After Death Quotes

Quotes tagged as "after-death" (showing 1-29 of 29)
H. Rider Haggard
“Yea, all things live forever, though at times they sleep and are forgotten.”
H. Rider Haggard, She: A History of Adventure

J.K. Rowling
“He gave everything to everybody. Except to me.”
J.K. Rowling, The Casual Vacancy

Courtney Summers
“Don't divide me into before and after.”
Courtney Summers

Terence McKenna
“The purpose of life is to familiarize oneself with this after-death body so that the act of dying will not create confusion in the psyche.”
Terence McKenna

Charles Bukowski
“The dead do not need
aspirin or
sorrow,
I suppose.
but they might need
rain.
not shoes
but a place to
walk.
not cigarettes,
they tell us,
but a place to
burn.
or we're told:
space and a place to
fly
might be the
same.
the dead don't need
me.
nor do the
living.
but the dead might need
each
other.
in fact, the dead might need
everything we
need
and
we need so much
if we only knew
what it
was.
it is
probably
everything
and we will all
probably die
trying to get
it
or die
because we
don't get
it.
I hope
you will understand
when I am dead
I got
as much
as
possible.”
Charles Bukowski, The Roominghouse Madrigals: Early Selected Poems, 1946-1966

H. Rider Haggard
“And now let us love and take that which is given us, and be happy; for in the grave there is no love and no warmth, nor any touching of the lips. Nothing perchance, or perchance but bitter memories of what might have been.”
H. Rider Haggard, She: A History of Adventure

Charles Bukowski
“I didn't know who to
believe
but
one thing I do
know: when a man is
living
many claim relationships
that are hardly
so
and after he dies, well,
then it's everybody's
party.”
Charles Bukowski, You Get So Alone at Times That it Just Makes Sense

H. Rider Haggard
“That which is alive hath known death, and that which is dead can never die, for in the Circle of the Spirit life is naught and death is naught. Yea, all things live forever, though at times they sleep and are forgotten.”
H. Rider Haggard, She: A History of Adventure

Neil Gaiman
“It's not what I'd want for at my funeral. When I die, I just want them to plant me somewhere warm. And then when the pretty women walk over my grave I would grab their ankles, like in that movie.”
Neil Gaiman, American Gods

Stacey Field
“Have you ever loved someone so intensely, so entirely ,that it's painful to be apart from them? I'm not talking about being in a long-distance relationship or even a particularly painful case of unrequited love. I'm talking about being in a completely different world from the other person, a world where you can see them and hear them but you can't touch them and they can't see or hear you.”
Stacey Field, The Life and Afterlife of Charlie Brackwood

pleasefindthis
“The sun still, surprisingly, came up and shone down onto the cold, metal leftovers. No loud noises. No screams. No breaking glass. Just silence and sunshine. You would be forgiven for thinking that this all happened on another planet. It didn’t.”
pleasefindthis, I Wrote This For You

Maria V. Snyder
“Hasn’t stopped us before. And besides, if they wanted to kill us, we’d be dead by now and would be having an entirely different conversation. I wonder if I’d still be mad at you, or if we would talk in words or pictures. Maybe in smells. That would be cool.” -Janco”
Maria V. Snyder, Power Study

“The thing you let Die within when you are Alive, will be carried with your Soul after Death.”
Usha Cosmico

Michael Bassey Johnson
“The only way to survive after death is by breathing life into the universe before death.”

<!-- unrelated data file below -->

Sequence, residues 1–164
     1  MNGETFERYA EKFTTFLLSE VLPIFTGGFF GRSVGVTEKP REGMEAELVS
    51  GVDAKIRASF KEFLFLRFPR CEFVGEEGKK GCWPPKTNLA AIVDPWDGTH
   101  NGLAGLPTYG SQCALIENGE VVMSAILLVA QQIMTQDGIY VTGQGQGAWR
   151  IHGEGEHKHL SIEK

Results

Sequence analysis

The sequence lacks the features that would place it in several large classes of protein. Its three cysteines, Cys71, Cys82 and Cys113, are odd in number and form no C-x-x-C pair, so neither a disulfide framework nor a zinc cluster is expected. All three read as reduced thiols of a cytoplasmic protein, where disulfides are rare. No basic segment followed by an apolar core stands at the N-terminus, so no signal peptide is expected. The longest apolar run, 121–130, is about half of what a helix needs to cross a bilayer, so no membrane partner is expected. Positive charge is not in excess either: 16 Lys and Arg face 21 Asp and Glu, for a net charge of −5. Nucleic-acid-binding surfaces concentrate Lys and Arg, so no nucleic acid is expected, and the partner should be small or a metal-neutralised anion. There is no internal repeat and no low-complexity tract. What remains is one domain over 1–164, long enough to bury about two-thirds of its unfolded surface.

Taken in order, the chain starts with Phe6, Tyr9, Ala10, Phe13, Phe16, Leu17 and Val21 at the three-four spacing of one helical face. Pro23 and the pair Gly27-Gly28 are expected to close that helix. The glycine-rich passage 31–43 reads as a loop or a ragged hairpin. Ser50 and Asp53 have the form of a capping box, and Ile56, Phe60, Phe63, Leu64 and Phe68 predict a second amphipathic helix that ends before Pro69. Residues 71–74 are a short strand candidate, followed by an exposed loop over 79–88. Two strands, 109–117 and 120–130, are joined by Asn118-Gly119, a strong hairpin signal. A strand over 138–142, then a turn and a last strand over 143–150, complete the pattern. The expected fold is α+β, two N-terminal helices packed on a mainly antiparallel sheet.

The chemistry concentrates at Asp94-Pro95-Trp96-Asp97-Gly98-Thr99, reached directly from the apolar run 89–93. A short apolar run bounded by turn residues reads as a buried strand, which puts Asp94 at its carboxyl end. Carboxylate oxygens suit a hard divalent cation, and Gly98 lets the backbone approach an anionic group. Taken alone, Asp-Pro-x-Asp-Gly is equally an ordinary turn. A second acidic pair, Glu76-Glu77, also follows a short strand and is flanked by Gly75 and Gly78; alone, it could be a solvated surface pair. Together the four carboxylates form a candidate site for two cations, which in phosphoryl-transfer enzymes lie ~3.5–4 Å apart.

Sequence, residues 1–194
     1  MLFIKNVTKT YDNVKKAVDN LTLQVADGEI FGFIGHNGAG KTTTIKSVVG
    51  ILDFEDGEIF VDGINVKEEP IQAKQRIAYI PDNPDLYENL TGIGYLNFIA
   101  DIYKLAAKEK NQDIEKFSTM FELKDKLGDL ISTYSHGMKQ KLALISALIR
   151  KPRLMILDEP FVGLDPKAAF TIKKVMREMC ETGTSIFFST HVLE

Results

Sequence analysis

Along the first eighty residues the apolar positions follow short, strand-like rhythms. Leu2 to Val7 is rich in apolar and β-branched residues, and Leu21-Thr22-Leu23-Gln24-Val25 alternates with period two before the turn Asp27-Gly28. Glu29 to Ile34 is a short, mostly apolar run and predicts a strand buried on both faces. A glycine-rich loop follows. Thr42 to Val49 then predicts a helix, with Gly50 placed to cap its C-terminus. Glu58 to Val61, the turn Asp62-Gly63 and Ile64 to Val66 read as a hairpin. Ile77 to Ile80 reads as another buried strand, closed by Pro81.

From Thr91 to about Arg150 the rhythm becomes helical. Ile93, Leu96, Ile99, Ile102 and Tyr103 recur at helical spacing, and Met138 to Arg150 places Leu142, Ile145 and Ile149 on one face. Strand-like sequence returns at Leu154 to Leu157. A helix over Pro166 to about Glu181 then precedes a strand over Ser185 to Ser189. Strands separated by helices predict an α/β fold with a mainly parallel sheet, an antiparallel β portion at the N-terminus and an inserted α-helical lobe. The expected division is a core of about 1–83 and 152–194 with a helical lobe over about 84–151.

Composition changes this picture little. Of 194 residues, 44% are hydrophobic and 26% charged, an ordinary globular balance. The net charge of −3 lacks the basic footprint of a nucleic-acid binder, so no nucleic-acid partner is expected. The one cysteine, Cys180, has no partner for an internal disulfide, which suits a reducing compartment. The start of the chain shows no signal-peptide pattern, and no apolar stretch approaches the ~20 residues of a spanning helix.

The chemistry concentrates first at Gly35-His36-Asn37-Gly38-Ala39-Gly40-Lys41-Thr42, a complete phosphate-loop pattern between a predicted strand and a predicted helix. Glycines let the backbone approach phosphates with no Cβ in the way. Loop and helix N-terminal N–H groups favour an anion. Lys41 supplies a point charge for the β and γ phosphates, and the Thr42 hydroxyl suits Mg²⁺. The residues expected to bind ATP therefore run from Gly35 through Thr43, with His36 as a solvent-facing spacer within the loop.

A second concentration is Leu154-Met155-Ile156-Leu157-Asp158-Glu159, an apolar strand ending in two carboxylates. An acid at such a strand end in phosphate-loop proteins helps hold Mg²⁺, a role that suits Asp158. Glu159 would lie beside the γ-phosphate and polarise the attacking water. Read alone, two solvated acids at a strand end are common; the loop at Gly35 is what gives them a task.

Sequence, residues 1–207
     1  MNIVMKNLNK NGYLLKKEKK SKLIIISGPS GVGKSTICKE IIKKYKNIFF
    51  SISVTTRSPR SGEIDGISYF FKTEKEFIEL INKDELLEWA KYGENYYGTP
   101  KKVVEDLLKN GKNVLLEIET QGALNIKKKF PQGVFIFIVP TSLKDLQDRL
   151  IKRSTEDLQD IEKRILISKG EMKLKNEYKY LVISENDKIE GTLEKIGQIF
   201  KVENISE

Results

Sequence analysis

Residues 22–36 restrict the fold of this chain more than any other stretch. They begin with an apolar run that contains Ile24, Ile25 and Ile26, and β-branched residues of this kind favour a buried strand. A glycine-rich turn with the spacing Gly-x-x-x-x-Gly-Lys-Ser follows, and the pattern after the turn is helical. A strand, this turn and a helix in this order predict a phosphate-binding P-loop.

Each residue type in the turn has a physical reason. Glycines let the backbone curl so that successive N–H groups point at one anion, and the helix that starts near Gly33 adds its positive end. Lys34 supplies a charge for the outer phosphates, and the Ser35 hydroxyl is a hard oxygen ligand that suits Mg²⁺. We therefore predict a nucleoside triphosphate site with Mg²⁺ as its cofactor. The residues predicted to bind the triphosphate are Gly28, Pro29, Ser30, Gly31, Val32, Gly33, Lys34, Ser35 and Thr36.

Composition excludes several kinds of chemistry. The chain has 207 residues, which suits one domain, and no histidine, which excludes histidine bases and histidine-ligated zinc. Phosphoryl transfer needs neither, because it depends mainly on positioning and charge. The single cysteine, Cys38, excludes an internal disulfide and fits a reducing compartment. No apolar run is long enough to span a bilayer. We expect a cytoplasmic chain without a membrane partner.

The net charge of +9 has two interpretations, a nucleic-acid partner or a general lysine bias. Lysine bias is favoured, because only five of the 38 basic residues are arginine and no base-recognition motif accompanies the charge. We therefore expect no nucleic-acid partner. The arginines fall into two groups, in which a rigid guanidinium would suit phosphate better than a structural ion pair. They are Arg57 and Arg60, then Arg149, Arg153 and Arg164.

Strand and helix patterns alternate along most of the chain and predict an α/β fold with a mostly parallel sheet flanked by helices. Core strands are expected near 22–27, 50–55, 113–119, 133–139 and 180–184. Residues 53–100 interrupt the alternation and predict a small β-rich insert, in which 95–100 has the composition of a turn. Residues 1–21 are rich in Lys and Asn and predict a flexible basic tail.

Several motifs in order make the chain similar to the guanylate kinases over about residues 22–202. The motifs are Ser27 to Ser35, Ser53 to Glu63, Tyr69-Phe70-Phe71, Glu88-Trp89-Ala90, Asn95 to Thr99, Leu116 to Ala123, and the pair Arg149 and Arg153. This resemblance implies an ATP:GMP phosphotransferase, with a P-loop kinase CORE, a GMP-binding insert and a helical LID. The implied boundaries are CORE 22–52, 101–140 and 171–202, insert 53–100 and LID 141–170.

Michael Bassey Johnson, Master of Maxims

Colleen Hoover
“I'll love you forever, even when I can't.”
Colleen Hoover, Confess

Michael Zadoorian
“I am constantly mystified by what John ends up remembering… I just don’t understand why he’s able to hang on to information like that, while so many other more important memories evaporate.
Then again, I suppose so much of what stays with us is often insignificant. The memories we take to the ends of our lives have no real rhyme or reason, especially when you think of the endless things that you do over the course of a day, a week, a month, a year, a lifetime. All the cups of coffee, hand-washings, changes of clothes, lunches, goings to the bathroom, headaches, naps, walks to school, trips to the grocery store, conversations about the weather—all the things so unimportant they should be immediately forgotten.
Yet they aren’t. I often think of the Chinese red bathrobe I had when I was twenty-seven years old; the sound of our first cat Charlie’s feet on the linoleum of our old house; the hot rarefied air around aluminum pot the moment before the kernels of popcorn burst open. I think of these things as often as I think about getting married or giving birth or the end of the Second World War.
What is truly amazing is that before you know it, sixty years go by and you can remember maybe eight or nine important events, along with a thousand meaningless ones. How can that be?
You want to think there’s a pattern to it all because it makes you feel better, gives you some sense of a reason why we’re here, but there really isn’t any. People look for God in these patterns, these reasons, but only because they don’t know where else to look.
Things happen to us: some of it important, most of it not, and a little of it stays with us till the end. What stays after that? I’ll be damned if I know.
(pp.174-175)”
Michael Zadoorian, The Leisure Seeker

Cornell Woolrich
“When I came out into the outside room again, I saw her shoe still lying there, where it had come off in the course of our brief wrestle. It looked so pathetic there by itself without an owner, it looked so lonely, it looked so empty. Something made me pick it up arid take it in to her. Like when someone's going away, you help them on with their coat, or their jackboots, or whatever it is they need for going away.